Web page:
The computer or hardware system 500 also may comprise software elements, shown as being currently located within the working memory 535, including an operating system 540, device drivers, executable libraries, and/or other code, such as one or more application programs 545, which may comprise computer programs provided by various embodiments (including, without limitation, hypervisors, VMs, and the like), and/or may be designed to implement methods, and/or configure systems, provided by other embodiments, as described herein. Merely by way of example, one or more procedures described with respect to the method(s) discussed above might be implemented as code and/or instructions executable by a computer (and/or a processor within a computer); in an aspect, then, such code and/or instructions can be used to configure and/or adapt a general purpose computer (or other device) to perform one or more operations in accordance with the described methods.

A set of these instructions and/or code might be encoded and/or stored on a non-transitory computer readable storage medium, such as the storage device(s) 525 described above. In some cases, the storage medium might be incorporated within a computer system, such as the system 500. In other embodiments, the storage medium might be separate from a computer system (i.e., a removable medium, such as a compact disc, etc.), and/or provided in an installation package, such that the storage medium can be used to program, configure, and/or adapt a general purpose computer with the instructions/code stored thereon. These instructions might take the form of executable code, which is executable by the computer or hardware system 500 and/or might take the form of source and/or installable code, which, upon compilation and/or installation on the computer or hardware system 500 (e.g., using any of a variety of generally available compilers, installation programs, compression/decompression utilities, etc.) then takes the form of executable code.

It will be apparent to those skilled in the art that substantial variations may be made in accordance with specific requirements. For example, customized hardware (such as programmable logic controllers, field-programmable gate arrays, application-specific integrated circuits, and/or the like) might also be used, and/or particular elements might be implemented in hardware, software (including portable software, such as applets, etc.), or both. Further, connection to other computing devices such as network input/output devices may be employed.

As mentioned above, in one aspect, some embodiments may employ a computer or hardware system (such as the computer or hardware system 500) to perform methods in accordance with various embodiments of the invention. According to a set of embodiments, some or all of the procedures of such methods are performed by the computer or hardware system 500 in response to processor 510 executing one or more sequences of one or more instructions (which might be incorporated into the operating system 540 and/or other code, such as an application program 545) contained in the working memory 535. Such instructions may be read into the working memory 535 from another computer readable medium, such as one or more of the storage device(s) 525. Merely by way of example, execution of the sequences of instructions contained in the working memory 535 might cause the processor(s) 510 to perform one or more procedures of the methods described herein.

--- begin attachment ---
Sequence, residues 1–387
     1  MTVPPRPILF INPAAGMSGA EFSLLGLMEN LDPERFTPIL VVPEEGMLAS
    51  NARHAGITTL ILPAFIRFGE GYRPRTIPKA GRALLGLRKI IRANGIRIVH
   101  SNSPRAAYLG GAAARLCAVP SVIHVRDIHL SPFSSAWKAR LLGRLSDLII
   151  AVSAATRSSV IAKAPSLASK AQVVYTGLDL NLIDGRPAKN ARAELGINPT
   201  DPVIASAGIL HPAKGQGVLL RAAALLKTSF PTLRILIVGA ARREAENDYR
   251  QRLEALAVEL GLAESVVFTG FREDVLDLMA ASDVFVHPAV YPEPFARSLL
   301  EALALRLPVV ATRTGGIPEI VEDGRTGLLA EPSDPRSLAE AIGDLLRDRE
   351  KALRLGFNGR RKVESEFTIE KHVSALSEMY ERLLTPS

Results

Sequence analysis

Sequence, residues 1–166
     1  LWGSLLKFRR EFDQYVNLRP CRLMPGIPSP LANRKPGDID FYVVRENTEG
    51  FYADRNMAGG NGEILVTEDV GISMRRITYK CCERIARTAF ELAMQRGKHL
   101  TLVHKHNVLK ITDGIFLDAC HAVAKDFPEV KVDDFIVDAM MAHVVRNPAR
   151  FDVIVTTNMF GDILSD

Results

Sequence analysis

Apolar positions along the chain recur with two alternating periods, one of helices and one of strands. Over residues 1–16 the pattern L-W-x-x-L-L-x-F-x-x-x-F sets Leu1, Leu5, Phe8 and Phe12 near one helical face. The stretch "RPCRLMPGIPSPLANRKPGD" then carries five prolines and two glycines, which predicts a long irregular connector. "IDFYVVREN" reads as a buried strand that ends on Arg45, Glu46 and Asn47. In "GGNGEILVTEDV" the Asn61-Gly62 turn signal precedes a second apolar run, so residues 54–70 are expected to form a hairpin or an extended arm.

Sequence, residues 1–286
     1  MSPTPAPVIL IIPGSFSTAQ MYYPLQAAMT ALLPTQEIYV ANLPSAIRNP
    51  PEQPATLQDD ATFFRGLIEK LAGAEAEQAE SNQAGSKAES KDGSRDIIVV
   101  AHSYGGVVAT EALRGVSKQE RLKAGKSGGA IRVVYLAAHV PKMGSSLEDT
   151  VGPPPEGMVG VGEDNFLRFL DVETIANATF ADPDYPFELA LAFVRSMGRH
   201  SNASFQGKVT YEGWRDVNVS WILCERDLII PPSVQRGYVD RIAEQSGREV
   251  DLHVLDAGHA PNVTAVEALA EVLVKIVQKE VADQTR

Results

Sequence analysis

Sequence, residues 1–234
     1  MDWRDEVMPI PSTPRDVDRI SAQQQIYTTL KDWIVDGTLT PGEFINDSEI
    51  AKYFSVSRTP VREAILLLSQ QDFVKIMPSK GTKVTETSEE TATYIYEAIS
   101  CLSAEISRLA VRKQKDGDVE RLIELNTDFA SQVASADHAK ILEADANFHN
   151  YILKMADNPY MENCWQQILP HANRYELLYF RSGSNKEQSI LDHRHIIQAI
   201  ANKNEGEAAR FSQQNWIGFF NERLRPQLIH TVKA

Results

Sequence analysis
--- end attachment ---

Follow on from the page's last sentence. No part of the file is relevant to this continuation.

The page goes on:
The terms “machine readable medium” and “computer readable medium,” as used herein, refer to any medium that participates in providing data that causes a machine to operate in a specific fashion. In an embodiment implemented using the computer or hardware system 500, various computer readable media might be involved in providing instructions/code to processor(s) 510 for execution and/or might be used to store and/or carry such instructions/code (e.g., as signals). In many implementations, a computer readable medium is a non-transitory, physical, and/or tangible storage medium. In some embodiments, a computer readable medium may take many forms, including, but not limited to, non-volatile media, volatile media, or the like. Non-volatile media includes, for example, optical and/or magnetic disks, such as the storage device(s) 525. Volatile media includes, without limitation, dynamic memory, such as the working memory 535. In some alternative embodiments, a computer readable medium may take the form of transmission media, which includes, without limitation, coaxial cables, copper wire, and fiber optics, including the wires that comprise the bus 505, as well as the various components of the communication subsystem 530 (and/or the media by which the communications subsystem 530 provides communication with other devices). In an alternative set of embodiments, transmission media can also take the form of waves (including without limitation radio, acoustic, and/or light waves, such as those generated during radio-wave and infra-red data communications).